Hermit wanted

Human Interest News   —   Posted on April 24, 2017

Hermit wanted

(by Rory Mulholland, Jan. 14, 2017, UK Daily Telegraph) – An extremely rare job opportunity has opened for a hermit in a stunningly beautiful cloister perched on a cliff in Austria.

But the successful applicant for the unpaid position must be prepared to live without electricity, running water, or the internet, and must be able to cope with the possibility of being shot by a jealous local.

Municipal and Catholic officials in the Austrian town of Saalfelden are looking for someone to live in a nearby hermitage built into steep cliffs characteristic of the Salzburg region that borders on Germany.

Applicants should be independently wealthy or have another job as the parish website says the position does not come with a salary.

The hermitage sits on a cliff before the mountain Steinernes Meer Credit: Alamy
And because the 350-year-old hermitage – one of the few such places in Europe that is still in use – is unheated and sits at an altitude of 4,600 feet, it is only inhabitable between April and November.

“There is no classic job description for a hermit,” the parish conceded on its website. Despite the potential hardships, the parish is confident it will find the right man, who according to local priest Alois Moser should be a “a person at peace with himself.”

Father Moser and Saalfelden mayor Erich Rohrmoser will pick the new hermit, who will be chosen more on the basis of personality than on career background.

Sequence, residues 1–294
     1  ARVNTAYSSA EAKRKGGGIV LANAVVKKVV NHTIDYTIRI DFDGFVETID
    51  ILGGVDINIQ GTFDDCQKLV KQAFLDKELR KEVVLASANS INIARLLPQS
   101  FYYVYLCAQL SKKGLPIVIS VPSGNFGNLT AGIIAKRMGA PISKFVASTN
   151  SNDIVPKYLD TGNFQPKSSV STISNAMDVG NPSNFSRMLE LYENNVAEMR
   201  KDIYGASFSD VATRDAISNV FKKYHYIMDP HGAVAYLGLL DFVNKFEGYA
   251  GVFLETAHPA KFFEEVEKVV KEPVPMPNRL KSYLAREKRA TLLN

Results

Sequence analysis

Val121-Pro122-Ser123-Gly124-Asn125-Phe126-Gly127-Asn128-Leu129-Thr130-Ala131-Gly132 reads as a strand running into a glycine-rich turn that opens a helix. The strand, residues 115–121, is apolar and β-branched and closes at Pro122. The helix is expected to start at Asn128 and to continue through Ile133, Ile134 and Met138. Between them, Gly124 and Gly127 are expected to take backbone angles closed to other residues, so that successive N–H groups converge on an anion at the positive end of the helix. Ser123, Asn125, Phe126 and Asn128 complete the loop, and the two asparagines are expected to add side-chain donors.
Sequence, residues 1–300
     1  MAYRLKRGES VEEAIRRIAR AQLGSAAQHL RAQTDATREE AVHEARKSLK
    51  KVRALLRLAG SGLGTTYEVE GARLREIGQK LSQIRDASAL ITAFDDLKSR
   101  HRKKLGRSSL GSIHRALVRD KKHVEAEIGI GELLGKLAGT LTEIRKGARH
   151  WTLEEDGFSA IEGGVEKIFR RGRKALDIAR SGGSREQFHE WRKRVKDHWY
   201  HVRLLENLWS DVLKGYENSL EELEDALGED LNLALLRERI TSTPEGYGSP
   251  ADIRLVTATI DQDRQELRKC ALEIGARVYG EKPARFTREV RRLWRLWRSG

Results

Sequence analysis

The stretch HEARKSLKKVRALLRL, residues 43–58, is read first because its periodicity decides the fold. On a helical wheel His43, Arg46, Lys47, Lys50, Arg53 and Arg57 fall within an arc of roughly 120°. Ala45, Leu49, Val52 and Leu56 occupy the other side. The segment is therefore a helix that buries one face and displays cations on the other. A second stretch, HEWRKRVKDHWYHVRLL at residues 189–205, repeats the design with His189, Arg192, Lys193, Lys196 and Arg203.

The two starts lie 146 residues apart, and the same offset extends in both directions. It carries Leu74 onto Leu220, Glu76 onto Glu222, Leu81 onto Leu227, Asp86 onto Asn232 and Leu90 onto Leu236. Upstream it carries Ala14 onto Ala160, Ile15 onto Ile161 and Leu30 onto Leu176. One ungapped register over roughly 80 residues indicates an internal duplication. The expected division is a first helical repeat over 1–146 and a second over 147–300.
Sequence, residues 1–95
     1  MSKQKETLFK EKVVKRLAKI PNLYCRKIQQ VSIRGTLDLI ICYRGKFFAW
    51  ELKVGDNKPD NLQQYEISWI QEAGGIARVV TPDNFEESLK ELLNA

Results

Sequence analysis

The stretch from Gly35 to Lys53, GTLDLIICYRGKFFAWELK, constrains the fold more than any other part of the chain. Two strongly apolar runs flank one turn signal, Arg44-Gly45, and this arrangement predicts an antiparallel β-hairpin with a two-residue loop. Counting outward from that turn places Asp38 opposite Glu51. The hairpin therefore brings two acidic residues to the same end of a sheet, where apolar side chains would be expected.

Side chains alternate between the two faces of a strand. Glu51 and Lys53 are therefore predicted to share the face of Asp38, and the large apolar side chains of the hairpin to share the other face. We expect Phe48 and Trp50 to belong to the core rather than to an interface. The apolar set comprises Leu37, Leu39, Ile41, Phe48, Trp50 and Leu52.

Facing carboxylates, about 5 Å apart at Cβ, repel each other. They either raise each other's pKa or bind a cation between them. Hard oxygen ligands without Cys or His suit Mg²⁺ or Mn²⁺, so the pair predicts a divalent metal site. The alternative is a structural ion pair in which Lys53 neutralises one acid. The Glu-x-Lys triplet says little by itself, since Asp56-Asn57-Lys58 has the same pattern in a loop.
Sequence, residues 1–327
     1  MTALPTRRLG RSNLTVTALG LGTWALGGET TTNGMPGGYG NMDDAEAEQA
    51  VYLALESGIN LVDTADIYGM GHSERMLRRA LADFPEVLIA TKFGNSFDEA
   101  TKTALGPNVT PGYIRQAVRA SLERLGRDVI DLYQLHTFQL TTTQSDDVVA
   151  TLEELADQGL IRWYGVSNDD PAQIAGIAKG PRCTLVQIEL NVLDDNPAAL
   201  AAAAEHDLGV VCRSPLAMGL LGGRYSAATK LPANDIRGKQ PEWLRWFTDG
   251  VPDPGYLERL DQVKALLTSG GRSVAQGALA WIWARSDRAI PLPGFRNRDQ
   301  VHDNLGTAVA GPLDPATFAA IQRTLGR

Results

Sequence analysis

The job ad did not specify that the future hermit had to be a Roman Catholic, just that he should have a Christian outlook and be ready to greet visiting pilgrims and locals.

There is no classic job description for a hermit
A hermit is defined as someone living in solitude as a religious discipline.

But that will not be case in Saalfelden, where the successful candidate will have to greet and listen to the many locals and outsiders who come to appreciate the view from the hermitage and unburden themselves to the resident hermit, the ad explained.

The hermitage has been uninhabited since a Viennese pastor and psychotherapist left last autumn to return to his normal life after just one stint in the job. Before him, a Benedictine monk lived there for more than a decade.

In 1970 a man fired a shotgun at the hermitage doors, according to The Local Austria news site.

The resident hermit was uninjured but was so frightened that he went back to his home in another region of Austria. The motive for the attack turned out to be jealously – the gunman was a local who had unsuccessfully applied for the job himself.


Iceberg tourists flock to Newfoundland town

(BBC, April 18, 2017) – Canada’s CBC News said that over the Easter weekend, the Southern Shore highway near the town of Ferryland was blocked with traffic as photographers – professional or amateur – pulled up to snap the hulking ice mountain.

A small town in Newfoundland, Canada, has become a sudden tourist spot thanks to a new visitor – one of the first icebergs of the season. (Photo: Reuters)

The area off the coast of Newfoundland and Labrador is colloquially known as “iceberg alley” thanks to the large number of ice blocks that drift down from the arctic each spring.

The icebergs are often locked into sea ice, which can last until late spring or early summer, but this one looks like it has grounded and could remain in place, Mayor Adrian Kavanagh told The Canadian Press.

This particular iceberg is quite large, and has taken up residence near the coastline – offering a good opportunity for photos, he said.

Icebergs famously hold most of their mass underwater, with just the tip of the iceberg protruding – meaning that many run aground when they veer near the coast.

That’s good news for tour operators, one business owner told CBC Radio – because the bergs stick around where they can be reached.